||Issue No. 165||20 December 2002|
Interview: Taking Stock
Bad Boss: Pushing the Envelope
Unions: The Year That Was
Republic: Still Fighting
International: Global Ties, Global Binds
Politics: Turning Green
Technology: Unions Online 2002
Industrial: The Past Is Before Us
Economics: Market Insecurity
Review: Shooting for Sanity
Poetry: The PM's Christmas Message
Culture: Zanger's Sounds of Summer
The Locker Room
Vale: Phil Berrigan
Abbott Gears For Grocon Stoush
Clearly disappointed by the 440-150 secret ballot result, the Workplace Relations Minister suggested voters would not necessarily get their way.
"I think that this is the opening skirmish rather than the closing battle, so to speak, in this particular campaign," Abbott told the media after the result was announced
Abbott has admitted holding meetings with Grocon boss, Daniel Grollo, as the latter plotted to use the Workplace Relations Act to sideline the CFMEU.
His plan, openly supported by Abbott, had appeared to swing on an early-morning, December 19 mass meeting at the Moonee Valley Racecourse from which CFMEU representatives were barred.
Workers, surrounded by up to 200 salaried staff not be covered by the negotiations, were asked to vote on a Section 170LK agreement to which their union would not be a party. The carrot-and-stick case put by Grollo included additional leave inducements and a warning that rejection would jeopardise employment.
The company's corporate-style presentation was chaired by former AFL star and Brownlow medalist, Robert Dipiedominico.
But, despite the urgings of the Murdoch-controlled Herald Sun and Australian newspapers, construction workers rejected Grollo's anti-union proposition.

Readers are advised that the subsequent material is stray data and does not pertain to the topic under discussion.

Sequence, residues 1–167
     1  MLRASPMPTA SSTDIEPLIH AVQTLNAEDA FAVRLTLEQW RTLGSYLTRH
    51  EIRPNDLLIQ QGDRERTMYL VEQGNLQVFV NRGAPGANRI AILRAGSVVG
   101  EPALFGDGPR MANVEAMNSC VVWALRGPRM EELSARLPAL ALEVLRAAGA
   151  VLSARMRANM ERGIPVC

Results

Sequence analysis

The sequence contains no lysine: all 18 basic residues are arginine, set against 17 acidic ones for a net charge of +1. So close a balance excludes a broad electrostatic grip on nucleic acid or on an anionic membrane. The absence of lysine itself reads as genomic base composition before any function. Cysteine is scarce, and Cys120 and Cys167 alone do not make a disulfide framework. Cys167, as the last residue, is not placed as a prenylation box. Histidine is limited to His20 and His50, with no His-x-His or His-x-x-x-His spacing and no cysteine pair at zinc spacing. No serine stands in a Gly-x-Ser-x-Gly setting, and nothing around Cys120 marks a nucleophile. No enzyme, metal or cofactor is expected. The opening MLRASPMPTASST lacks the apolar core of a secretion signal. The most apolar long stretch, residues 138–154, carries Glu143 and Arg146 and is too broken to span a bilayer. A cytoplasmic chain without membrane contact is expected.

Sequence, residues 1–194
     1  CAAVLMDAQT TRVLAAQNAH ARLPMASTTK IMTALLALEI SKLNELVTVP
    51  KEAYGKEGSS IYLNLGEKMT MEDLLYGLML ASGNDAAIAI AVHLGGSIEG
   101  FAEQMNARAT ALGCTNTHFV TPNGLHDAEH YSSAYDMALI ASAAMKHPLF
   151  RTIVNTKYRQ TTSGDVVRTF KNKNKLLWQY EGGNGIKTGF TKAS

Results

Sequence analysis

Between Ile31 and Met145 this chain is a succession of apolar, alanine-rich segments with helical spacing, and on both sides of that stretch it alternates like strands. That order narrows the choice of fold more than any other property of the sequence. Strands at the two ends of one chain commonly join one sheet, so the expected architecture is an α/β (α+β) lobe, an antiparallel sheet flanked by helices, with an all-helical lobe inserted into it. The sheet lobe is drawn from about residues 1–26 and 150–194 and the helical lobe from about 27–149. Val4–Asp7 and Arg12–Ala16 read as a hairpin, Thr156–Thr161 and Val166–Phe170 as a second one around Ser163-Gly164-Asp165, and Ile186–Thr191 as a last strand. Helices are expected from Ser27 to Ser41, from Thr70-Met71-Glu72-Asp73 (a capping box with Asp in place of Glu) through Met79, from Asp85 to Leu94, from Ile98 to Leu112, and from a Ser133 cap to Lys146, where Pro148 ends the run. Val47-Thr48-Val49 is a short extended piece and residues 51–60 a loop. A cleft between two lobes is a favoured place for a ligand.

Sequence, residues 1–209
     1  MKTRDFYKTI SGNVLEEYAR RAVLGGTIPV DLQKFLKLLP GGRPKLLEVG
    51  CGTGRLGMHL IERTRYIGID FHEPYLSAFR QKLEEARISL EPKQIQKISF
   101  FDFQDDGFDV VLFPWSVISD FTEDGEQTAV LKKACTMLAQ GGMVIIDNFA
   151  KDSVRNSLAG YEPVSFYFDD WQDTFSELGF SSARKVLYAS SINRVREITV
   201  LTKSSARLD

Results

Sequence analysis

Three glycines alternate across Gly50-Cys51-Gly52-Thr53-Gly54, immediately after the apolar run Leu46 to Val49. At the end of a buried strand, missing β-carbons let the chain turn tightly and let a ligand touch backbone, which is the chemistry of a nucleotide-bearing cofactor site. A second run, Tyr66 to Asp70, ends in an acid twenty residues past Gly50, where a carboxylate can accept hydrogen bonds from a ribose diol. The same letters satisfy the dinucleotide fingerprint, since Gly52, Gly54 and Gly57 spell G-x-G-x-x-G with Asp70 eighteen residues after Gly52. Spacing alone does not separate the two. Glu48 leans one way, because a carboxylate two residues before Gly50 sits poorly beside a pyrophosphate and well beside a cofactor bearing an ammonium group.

However, the way Grocon counted its ballot has left open the possibility of Government becoming embroiled in another Patrick-style rort, where workers are transferred from one company to another without their knowledge or agreement.
Despite being listed on IBIS' World Company Profiles as a company with "no subsidiaries" Grocon divided ballot results amongst five separate entities and, just minutes after the meeting, put out a press release announcing "100 per cent" support for its proposition at one of those "companies". It was later revealed that this referred to a 2-0 vote of staff at something called Grocon PL.
Grocon, understood to be in trouble after under-estimating costs on its $425 million MCG redevelopment, has launched legal action against the CFMEU and five leading officials, including state secretary Martin Kingham. Industry sources suggest costings were underestimated because the company failed to take into account 60 down days forced by major sporting events. The CFMEU has offered to negotiate "flexibilities" for the MCG job.
Union officials were this week playing down the spectre of being caught in a Grocon-Federal Government pincer movement.
They urged the company to respect the wishes of its employees and commit to the industry agreement which all other major Victorian construction contractors and sub-contractors have signed.
Kingham said the principle area of disagreement between the Grocon proposal and the pattern agreement was hours of work. Grocon wants to be able to work their employees unlimited hours and to buy out rostered days off, annual leave and sick leave.
"They're talking about winding back the clock," Kingham said. "We are moving towards family-friendly hours that recognise the other responsibilities of construction workers, while they are pushing Abbott's agenda to eliminate leisure time.
"Grocon should respect the democratic decision of its employees and recognise they have voted overwhelmingly for union representation."
Abbott, meanwhile, claimed "union coercion" had been behind rejection of the Grocon proposal. He refused to give any evidence in support of the allegation.
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